Studies have repeatedly proven that engaging donors through multiple fundraising channels—online and off—yields the best results, with donors giving more, more often. In this era of the citizen activist and the wired fundraiser, donors expect a convenient, personalized and interactive experience with your organization.

Online fundraising also saves time and money. Email is vastly less expensive than offline outreach, and online donations are far more efficient than processing checks. Another bonus: membership levels and recurring gifts are easier for you—and your donors—to manage.

Not sure where to begin? The good news is that you don’t have to be an online expert overnight. In fact, it’s recommended that you start small and try a few manageable things at a time to effectively measure and assess their impact on your organization.

Coordinate Your Efforts

  • If you have an event or giving campaign, make sure people are able to donate from your Web site. Add an event listing to your Friends Facebook page.

  • Include your online information in your offline efforts—add your Web site address to all printed materials and encourage offline donors to sign up for email updates.

Accept Online Donations

  • Make sure you can accept online donations through a secure, branded giving page like those from Network for Good, CrowdRise, or Services like these will do most of the technical heavy lifting for you.

  • Once you can accept online donations, don’t forget to add a large, colorful “Donate” button in a prominent location on your home page. It may sound absurd, but many supporters actually assume you don’t need their donations if they don’t see an easy way to give!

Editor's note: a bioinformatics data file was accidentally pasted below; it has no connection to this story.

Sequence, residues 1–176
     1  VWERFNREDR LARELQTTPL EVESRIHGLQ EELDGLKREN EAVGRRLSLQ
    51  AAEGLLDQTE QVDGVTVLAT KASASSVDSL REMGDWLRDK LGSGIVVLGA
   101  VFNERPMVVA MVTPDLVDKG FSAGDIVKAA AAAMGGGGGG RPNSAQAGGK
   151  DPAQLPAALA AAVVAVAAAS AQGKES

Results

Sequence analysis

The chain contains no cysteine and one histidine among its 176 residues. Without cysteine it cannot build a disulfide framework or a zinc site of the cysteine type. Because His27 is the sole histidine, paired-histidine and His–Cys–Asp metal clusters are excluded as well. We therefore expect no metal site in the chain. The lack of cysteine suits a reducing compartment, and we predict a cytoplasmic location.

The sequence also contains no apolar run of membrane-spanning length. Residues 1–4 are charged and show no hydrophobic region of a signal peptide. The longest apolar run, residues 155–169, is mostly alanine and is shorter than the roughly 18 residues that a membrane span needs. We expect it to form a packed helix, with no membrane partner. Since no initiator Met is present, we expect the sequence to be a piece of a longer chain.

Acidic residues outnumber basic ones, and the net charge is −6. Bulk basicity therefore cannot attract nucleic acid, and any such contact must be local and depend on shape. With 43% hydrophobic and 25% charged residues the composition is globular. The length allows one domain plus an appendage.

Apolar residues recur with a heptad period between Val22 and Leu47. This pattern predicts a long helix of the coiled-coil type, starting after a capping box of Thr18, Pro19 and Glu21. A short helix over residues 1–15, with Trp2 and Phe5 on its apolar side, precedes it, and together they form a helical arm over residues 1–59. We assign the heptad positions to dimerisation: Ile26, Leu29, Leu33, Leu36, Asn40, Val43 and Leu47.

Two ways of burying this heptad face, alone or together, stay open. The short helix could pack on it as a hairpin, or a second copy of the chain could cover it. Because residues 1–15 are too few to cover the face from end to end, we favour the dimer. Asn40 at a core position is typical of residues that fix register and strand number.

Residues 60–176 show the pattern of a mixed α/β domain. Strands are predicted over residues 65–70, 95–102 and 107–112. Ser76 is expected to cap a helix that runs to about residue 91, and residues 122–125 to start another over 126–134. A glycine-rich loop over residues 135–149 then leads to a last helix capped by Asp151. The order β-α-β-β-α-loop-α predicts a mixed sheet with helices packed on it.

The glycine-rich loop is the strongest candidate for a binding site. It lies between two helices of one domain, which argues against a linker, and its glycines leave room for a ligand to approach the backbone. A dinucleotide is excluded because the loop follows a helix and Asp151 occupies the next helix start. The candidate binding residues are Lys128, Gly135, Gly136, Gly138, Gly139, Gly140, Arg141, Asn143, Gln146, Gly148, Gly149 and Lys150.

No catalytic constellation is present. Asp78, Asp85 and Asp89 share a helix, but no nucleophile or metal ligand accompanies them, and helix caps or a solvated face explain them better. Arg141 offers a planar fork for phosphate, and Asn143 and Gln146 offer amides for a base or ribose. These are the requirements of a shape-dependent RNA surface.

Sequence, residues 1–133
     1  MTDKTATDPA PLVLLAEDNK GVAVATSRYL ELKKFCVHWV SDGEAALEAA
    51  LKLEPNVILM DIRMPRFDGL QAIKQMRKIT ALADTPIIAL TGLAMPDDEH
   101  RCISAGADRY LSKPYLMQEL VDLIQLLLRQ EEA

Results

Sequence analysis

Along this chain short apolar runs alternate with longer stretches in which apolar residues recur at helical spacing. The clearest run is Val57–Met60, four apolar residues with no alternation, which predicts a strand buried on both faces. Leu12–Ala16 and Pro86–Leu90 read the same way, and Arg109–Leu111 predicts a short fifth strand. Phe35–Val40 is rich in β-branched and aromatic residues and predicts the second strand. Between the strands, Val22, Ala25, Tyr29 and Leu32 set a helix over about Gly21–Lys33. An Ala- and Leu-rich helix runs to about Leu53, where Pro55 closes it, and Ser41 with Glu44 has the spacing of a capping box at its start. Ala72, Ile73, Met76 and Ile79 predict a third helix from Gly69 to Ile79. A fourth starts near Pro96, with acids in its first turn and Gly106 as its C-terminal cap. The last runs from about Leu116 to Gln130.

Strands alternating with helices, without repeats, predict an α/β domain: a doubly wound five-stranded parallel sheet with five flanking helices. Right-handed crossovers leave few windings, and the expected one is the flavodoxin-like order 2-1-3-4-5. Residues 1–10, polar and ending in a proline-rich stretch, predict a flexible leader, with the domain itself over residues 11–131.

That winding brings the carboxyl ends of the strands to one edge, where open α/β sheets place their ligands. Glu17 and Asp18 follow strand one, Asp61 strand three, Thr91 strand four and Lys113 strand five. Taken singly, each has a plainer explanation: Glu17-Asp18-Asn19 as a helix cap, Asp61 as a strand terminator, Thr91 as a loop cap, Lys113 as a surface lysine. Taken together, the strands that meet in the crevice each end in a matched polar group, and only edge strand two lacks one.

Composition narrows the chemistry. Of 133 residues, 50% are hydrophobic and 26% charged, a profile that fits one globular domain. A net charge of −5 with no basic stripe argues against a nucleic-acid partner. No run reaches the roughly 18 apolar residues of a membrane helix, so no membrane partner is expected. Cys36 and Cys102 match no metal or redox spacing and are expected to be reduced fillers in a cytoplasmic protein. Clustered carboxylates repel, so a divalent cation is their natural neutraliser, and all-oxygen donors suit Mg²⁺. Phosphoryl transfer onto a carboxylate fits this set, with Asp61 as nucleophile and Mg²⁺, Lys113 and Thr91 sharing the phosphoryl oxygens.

• Donation widgets and charity badges are icons, videos or photos that can be embedded on your Web site or blog, encouraging people to donate, share information about your Friends group or attend a fundraising event. Your Web site may already have Facebook and Twitter icons, for example. Here’s how to build a charity badge.

Personalize Your Strategy

  • Instead of simply asking for donations, tie fundraising amounts to specific impacts—10 plants a tree, $50 helps band three ducks, etc. Invite volunteers to ask friends or businesses to pledge $1 for every invasive plant that is removed.

  • Use specific examples in your outreach and fundraising appeals. Think “Provide Kayla with the beauty of nature for years to come” or “You saved this heron from pollution“ vs. “Thousands of acres of wetlands are in jeopardy.”

Ask for Help

  • Take advantage of free training and advice on online fundraising best practices as well as webinars and blogs from Network for Good,, SocialBrite and the National Environmental Education Foundation.

  • Many consultants and students offer pro bono services and advice for nonprofits. Another option: is a “microvolunteering” network that matches up volunteers with organizations needing help with online tasks and services.

Caryn Stein is content strategist for Network for Good, which provides online fundraising services and training specifically designed for nonprofits. Visit the Network for Good learning center for more tips on online fundraising and nonprofit marketing.